Summers can be harsh in the Midwest and the hot weather can spell disaster for your lawn’s health and appearance. To keep your full, green yard looking healthy through the year, careful care is needed during the summer months. One of the keys to maintaining a green, healthy lawn in the Midwest summer heat is to maintain a regular and routine watering schedule. To combat the heat waves of Midwest summers, water will be at the center of our plans, no matter if you are in Kansas City, Springfield, Wichita, or Tulsa, OK.
A dedicated weekly lawn care plan is the best choice for avoiding heat damage to your lawn and garden. Here are the best strategies and tips for a simple and effective plan for your yard this summer.
Before you begin watering, it is a good practice to check the soil. If the soil feels dry, inspect a few inches below the surface to see if the soil is damp. If it is damp, you can hold off watering for a day. To check for soil dampness, you can get a soil probe that will give you a digital readout of the moisture level of your yard. Another technique is to get a garden spade and stick it straight into your soil. When you pull it out, if it is clean and dry, your soil is dry. If the spade is moist with bits of soil on it, your soil is moist.
Your watering schedule should be adaptable. In May, watering 1-2 times per week should be sufficient. Depending on rainfall, your schedule should adjust accordingly. In the hotter parts of the summer, watering 3-4 times a week or every other day should be your aim. Water early in the morning to reduce the amount of evaporation and avoid disease growth in your grass.
Water must reach a depth of six inches to adequately saturate the plant roots. This can usually be accomplished with about one inch of water across your lawn each time you water. Though a sprinkler system can work wonders for your lawn, you can still accomplish healthy lawn maintenance without one. Keep an eye out for problem areas, like grass that is starting to turn bluish-gray. Water these areas by hand to ensure they are getting the necessary amounts of water to thrive.
Mulching is a great way to help your grass conserve moisture and reduce evaporation. Organic mulches like shredded bark or compost can be an effective barrier against the summer heat. A maximum of two inches should be the ideal height of the mulch you put down. Mulching around your plants prevents evaporation and helps keep the soil cool, promoting the health of your landscape plants.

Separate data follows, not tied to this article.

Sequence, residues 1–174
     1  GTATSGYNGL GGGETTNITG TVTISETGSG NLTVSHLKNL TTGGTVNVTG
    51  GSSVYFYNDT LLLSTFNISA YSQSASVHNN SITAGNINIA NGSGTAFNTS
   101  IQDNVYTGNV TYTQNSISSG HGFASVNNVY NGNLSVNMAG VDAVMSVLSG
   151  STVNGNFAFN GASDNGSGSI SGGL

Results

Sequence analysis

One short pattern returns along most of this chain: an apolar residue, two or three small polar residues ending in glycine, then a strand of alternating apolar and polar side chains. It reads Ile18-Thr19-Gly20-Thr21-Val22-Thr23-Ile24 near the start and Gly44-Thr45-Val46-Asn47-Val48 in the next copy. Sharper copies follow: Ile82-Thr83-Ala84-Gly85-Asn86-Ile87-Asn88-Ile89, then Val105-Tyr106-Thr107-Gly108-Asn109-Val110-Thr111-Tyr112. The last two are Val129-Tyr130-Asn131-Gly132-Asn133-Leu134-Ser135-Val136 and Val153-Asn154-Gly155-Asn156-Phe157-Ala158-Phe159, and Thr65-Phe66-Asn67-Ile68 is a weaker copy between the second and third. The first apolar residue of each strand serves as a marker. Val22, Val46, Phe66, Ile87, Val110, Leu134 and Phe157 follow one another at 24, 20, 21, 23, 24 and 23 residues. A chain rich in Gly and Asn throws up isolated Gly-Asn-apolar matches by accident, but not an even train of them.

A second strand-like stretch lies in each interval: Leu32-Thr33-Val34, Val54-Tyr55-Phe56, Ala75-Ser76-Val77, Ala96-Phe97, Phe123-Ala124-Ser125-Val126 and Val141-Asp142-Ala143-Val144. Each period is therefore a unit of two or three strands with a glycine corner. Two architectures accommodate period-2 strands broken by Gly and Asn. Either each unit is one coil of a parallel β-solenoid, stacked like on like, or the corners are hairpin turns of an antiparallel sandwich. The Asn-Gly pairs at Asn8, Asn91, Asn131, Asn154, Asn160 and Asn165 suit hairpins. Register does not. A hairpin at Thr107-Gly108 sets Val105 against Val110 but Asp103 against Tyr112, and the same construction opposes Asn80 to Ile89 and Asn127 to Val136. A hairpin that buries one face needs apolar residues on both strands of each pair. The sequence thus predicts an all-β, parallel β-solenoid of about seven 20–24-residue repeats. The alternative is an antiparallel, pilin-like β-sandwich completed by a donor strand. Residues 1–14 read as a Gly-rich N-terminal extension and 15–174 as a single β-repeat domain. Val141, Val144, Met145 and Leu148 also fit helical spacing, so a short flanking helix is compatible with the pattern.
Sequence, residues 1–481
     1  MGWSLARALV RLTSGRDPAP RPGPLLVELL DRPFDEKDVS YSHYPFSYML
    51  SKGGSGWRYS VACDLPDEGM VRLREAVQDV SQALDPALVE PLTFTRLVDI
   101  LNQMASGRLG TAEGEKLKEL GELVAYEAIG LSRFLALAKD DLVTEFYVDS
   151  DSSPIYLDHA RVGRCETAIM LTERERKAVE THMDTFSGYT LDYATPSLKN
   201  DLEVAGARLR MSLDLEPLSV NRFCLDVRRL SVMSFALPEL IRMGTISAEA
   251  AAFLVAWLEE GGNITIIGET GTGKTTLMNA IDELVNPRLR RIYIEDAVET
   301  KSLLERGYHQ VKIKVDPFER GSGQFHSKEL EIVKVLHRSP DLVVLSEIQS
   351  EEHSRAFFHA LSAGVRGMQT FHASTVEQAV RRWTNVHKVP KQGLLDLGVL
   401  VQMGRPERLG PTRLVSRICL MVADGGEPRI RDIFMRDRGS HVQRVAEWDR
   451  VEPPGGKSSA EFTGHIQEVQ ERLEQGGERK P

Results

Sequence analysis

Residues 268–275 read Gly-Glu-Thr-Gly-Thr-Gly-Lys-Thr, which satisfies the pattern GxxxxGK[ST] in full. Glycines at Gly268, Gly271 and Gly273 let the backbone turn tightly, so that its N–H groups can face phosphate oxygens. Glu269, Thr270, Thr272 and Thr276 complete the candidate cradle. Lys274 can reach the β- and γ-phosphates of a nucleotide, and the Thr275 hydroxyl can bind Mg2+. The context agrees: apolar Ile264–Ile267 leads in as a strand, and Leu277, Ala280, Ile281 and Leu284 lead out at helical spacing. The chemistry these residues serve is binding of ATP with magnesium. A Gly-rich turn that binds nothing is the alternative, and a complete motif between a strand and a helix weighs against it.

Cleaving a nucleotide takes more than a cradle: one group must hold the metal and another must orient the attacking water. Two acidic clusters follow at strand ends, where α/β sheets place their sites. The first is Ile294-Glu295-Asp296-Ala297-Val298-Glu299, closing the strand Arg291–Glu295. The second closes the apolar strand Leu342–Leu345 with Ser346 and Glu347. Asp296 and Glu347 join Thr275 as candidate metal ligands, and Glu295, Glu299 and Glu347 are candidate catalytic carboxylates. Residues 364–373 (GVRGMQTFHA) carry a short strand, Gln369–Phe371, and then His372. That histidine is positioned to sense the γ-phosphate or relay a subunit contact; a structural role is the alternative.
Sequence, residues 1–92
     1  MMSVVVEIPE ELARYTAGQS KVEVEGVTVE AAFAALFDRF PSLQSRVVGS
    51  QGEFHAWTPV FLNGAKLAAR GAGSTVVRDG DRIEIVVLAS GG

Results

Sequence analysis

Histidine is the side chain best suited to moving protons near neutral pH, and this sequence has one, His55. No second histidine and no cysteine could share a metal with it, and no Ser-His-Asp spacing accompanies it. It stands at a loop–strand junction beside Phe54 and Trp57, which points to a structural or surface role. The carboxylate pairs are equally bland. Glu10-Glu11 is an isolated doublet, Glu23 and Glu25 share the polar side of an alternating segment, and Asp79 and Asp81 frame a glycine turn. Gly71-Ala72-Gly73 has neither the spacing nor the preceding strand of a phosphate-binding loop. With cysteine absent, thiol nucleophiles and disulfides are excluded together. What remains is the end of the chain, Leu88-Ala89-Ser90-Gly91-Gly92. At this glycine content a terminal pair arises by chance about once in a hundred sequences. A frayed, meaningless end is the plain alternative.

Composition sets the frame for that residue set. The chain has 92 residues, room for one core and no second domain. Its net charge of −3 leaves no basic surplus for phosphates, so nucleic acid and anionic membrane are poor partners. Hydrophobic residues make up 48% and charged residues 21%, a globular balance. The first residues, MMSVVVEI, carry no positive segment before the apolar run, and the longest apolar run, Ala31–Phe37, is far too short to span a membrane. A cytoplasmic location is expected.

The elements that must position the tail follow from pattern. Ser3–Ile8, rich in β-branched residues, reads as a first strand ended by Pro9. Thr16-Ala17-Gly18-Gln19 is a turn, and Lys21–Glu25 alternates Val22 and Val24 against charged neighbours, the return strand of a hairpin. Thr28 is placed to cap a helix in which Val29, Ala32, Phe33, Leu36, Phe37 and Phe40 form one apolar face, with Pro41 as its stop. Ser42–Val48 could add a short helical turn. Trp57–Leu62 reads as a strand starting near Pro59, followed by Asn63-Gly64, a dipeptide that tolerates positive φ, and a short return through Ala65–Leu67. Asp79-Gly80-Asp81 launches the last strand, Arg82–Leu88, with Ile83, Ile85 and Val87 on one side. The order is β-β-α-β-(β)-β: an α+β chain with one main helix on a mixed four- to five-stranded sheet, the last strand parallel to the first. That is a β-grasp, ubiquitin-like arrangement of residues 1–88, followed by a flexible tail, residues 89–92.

Reduce your mowing frequency during the hottest parts of the summer. When the sweltering heat arrives, you’ll likely be mowing only once per week or even once every ten days.
The general rule is to raise your mower one to two notches above where you mowed in the spring. Your grass should be allowed some extra growth in the summer before mowing, but close monitoring is necessary. A way to visualize this is through the ⅓ rule. You should try to avoid removing more than ⅓ of the grass blade while mowing.
The ideal time to mow is in the early evening when the sun is beginning to go down. This gives your grass ample time to recover overnight. Avoid mowing just after rainfall or after watering. Running mower wheels over the soft ground can damage your grassroots.
Your soil is a rich blend of nutrients unique to your area. It is a good idea to get it tested by a professional to find the deficiencies in your soil’s nutrients.
When shopping, you will see three bold numbers on the front of most fertilizer bags. The first number indicates the nitrogen level, the second is phosphate and the third is potassium. Depending on your lawn’s needs, these numbers can vary. Your local lawn care professional can help you find the perfect fertilizer to ensure your grass will thrive.
A healthy green lawn that is irrigated will continue to grow over the summer and will need to be supplemented with fertilizer to maintain its vigor and dark color.
You’ve watered your lawn regularly, applied fertilizer, and mowed properly. Just when you’ve got everything right, a weed pops up. It can be frustrating, but weeds can be taken care of easily. For the individual weeds, simply pluck them out of the ground and make sure you’ve got the entire root. If you have more than a couple of weeds, you will want to use a herbicide. Herbicides are specific in what weeds they control.
Choosing the right herbicide is a great conversation to have with a lawn care professional. They can recommend best practices to rid your lawn of those pesky weeds.
Aerating your lawn is best done in the early fall or spring to allow for maximum benefit to your lawn.
Aerating your lawn is the process of allowing more oxygen into the soil to help create breathing room for your plants’ roots. Over time, soil can become compacted and the amount of oxygen flowing through it can be severely reduced. Aeration aims to add that airflow back to the soil.
Aerating ensures your grassroots are as healthy and as deep as possible to survive the summer heat and drought. Planning ahead and getting your lawn aerated in the fall or spring is the best practice.
While it may seem like a laborious task, keeping your lawn green in the summer only takes a little bit of time to do properly. An adaptive watering and fertilizing schedule is the best defense against the harsh summers in the Midwest.
Contact one of our RYAN Pro’s today and we can help you develop a lawn care plan to conquer the summer heat this year.